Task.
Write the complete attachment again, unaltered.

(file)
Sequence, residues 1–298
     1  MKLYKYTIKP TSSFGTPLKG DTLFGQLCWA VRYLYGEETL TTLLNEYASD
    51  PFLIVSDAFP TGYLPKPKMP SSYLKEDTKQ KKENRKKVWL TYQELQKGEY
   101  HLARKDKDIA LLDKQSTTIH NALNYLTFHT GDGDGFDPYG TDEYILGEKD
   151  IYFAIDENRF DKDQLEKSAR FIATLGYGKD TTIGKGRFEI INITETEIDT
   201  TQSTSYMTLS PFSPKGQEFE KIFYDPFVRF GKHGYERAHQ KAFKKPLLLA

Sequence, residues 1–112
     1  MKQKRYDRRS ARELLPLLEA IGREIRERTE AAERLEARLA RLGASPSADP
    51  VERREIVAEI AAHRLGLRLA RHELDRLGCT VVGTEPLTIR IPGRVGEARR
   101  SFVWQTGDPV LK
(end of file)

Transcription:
Sequence, residues 1–298
     1  MKLYKYTIKP TSSFGTPLKG DTLFGQLCWA VRYLYGEETL TTLLNEYASD
    51  PFLIVSDAFP TGYLPKPKMP SSYLKEDTKQ KKENRKKVWL TYQELQKGEY
   101  HLARKDKDIA LLDKQSTTIH NALNYLTFHT GDGDGFDPYG TDEYILGEKD
   151  IYFAIDENRF DKDQLEKSAR FIATLGYGKD TTIGKGRFEI INITETEIDT
   201  TQSTSYMTLS PFSPKGQEFE KIFYDPFVRF GKHGYERAHQ KAFKKPLLLA

Sequence, residues 1–112
     1  MKQKRYDRRS ARELLPLLEA IGREIRERTE AAERLEARLA RLGASPSADP
    51  VERREIVAEI AAHRLGLRLA RHELDRLGCT VVGTEPLTIR IPGRVGEARR
   101  SFVWQTGDPV LK